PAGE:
It seems improbable that the Centre can compensate manufacturing states for revenue shortfall solely from the levy of compensation cess.
While presenting the Union Budget 2020, finance minister Nirmala Sitharaman referred to the policy objectives proposed by the government towards fiscal management. Upholding the tenet of co-operative federalism, the FM announced that the shortfall in revenue collections at the state level shall be compensated by the Centre in two instalments by transferring funds to the GST Compensation Fund from the collections made during the year 2016-17 and 2017-18.
However, going forward, the FM stated that transfers to the fund would be limited only to collection by way of GST compensation cess.
This low-key announcement during the budget presentation appears innocuous for the common man, who would mostly be unperturbed by what transpires between the Centre and the states. However, upon a deeper dive, many issues emerge which may severely affect the aam aadmi.
To put things in perspective, before the implementation of a nation-wide Goods and Services Tax, the central government promised all states, in particular, the manufacturing-intensive states that they will be compensated in case of a shortfall in their revenue collections for a period of five years. To implement this, a new law, known as the GST (Compensation to States) Act, 2017 was introduced. This new law proposed for the levy of a GST compensation cess on certain goods, the receipts of which would be credited into a GST Compensation Fund. It is from this fund that the Centre would later compensation the states reporting a shortfall in revenue.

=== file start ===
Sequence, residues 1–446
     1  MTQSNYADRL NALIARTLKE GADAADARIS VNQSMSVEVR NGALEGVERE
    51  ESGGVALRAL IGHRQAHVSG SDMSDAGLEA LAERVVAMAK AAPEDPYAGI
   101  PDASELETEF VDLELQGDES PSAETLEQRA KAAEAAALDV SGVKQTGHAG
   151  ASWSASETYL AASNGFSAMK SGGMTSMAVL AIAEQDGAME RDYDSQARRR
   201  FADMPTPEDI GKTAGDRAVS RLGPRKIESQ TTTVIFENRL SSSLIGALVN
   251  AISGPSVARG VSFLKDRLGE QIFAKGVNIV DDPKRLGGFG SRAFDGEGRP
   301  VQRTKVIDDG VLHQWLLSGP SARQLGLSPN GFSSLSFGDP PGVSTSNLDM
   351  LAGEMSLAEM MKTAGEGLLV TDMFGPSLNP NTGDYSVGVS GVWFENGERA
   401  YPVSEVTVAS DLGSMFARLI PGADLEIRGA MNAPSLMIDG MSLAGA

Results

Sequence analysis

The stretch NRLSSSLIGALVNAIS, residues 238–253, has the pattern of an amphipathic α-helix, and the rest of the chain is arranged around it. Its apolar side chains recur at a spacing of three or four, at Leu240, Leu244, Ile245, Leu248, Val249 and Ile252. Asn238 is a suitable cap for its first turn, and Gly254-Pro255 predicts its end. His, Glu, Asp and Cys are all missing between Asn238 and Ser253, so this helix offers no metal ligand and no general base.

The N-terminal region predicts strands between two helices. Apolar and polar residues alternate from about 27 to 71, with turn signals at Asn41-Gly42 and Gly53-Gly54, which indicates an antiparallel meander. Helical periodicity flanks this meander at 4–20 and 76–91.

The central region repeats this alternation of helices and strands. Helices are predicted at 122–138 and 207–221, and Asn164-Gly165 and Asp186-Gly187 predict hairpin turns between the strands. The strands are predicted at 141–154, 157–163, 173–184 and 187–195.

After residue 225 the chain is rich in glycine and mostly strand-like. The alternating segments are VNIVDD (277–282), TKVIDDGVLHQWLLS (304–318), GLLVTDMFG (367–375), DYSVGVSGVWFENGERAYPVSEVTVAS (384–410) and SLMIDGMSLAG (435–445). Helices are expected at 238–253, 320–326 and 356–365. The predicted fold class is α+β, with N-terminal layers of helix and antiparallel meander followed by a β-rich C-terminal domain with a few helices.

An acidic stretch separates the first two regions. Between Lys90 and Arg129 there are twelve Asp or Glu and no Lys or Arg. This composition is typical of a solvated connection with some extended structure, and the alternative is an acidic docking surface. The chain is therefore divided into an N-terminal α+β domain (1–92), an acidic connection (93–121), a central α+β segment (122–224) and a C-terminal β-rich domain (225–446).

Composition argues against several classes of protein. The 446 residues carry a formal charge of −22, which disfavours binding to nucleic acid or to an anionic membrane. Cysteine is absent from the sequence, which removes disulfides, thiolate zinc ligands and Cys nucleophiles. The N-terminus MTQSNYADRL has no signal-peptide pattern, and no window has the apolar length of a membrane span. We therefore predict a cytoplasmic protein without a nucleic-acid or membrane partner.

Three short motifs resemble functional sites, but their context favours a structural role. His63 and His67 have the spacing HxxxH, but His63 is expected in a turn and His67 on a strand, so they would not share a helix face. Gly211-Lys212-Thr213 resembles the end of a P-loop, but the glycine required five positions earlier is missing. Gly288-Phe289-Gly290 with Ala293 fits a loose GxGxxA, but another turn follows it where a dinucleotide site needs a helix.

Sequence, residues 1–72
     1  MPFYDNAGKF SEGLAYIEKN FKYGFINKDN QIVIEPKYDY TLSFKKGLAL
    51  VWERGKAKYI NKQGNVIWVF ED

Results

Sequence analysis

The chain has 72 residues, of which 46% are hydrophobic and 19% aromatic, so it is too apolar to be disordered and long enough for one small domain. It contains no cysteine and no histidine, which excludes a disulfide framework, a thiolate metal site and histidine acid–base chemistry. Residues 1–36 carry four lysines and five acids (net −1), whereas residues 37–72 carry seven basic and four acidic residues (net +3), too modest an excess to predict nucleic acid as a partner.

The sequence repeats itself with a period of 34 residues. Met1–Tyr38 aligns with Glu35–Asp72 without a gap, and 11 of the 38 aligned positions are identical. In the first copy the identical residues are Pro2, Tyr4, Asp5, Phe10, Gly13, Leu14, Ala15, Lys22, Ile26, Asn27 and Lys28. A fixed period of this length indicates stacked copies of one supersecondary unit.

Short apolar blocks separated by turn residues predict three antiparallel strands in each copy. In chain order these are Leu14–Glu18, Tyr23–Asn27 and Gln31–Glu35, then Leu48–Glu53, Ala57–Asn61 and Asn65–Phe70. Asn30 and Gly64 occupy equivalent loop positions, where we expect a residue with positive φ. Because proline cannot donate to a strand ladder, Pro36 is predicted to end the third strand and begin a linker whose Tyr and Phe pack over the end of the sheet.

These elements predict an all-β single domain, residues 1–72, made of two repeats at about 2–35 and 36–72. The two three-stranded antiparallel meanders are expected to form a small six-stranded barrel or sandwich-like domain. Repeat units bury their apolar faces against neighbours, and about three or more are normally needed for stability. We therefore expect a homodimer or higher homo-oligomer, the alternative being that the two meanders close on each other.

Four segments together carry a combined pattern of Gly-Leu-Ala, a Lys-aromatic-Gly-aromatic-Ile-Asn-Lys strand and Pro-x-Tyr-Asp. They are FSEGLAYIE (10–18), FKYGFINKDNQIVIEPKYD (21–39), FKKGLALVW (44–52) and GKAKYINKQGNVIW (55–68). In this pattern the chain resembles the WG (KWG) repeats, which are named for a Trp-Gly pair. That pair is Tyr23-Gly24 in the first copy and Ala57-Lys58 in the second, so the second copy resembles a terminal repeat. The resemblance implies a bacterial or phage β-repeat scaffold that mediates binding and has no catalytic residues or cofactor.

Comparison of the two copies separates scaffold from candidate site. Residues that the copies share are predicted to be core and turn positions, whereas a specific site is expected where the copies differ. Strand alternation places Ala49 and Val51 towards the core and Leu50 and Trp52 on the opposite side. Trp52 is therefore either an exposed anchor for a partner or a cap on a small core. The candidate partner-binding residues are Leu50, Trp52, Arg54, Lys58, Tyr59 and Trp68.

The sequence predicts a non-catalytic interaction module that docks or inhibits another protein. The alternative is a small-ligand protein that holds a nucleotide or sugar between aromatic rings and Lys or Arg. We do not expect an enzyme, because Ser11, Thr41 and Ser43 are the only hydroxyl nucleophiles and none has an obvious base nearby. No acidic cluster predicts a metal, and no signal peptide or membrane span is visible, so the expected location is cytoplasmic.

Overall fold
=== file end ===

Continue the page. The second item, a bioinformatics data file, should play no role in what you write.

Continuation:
However, with half the period of the promised ‘five-year compensation package’ gone, and keeping in mind the below par revenue collections, there is a real concern that the Centre would fall short on its promise. The Budget speech has further concretised the intentions of the government, which should send alarm bells ringing for the States.
If the states are to be compensated from the collection of the GST compensation cess, a definite roadmap is required to achieve this target. A considerable concern is that this cess is levied only on a handful of items such as automobiles, tobacco products, aerated beverages, etc. and any additions to this list are unlikely. Thus, it seems improbable that Centre’s obligation can be met from collections made solely in the Goods and service tax Compensation Fund from the levy of cess.
The butterfly effect of this is likely to cause ripples which would show in the budgets drawn by the state government, especially the manufacturing states.
A shortage of funds could reduce state expenditure on subsidies and social security and welfare measures for low-income groups, cause a stagnation in ongoing as well as proposed infrastructure projects and reduce allocated budgets for sectors such as education and healthcare. Moreover, it is also likely that states would vehemently resist inclusion of petroleum and alcohol within GST as it would mean sharing revenue with the Centre in the form of CGST.
Accordingly, the Centre and states would have to find innovative ways to increase tax collections and also revise internal revenue targets, to ensure that enough cess is collected to compensate the states adequately.
To this extent, tax authorities may also pursue aggressive measures to meet their targets, which may result in additional scrutiny for taxpayers.
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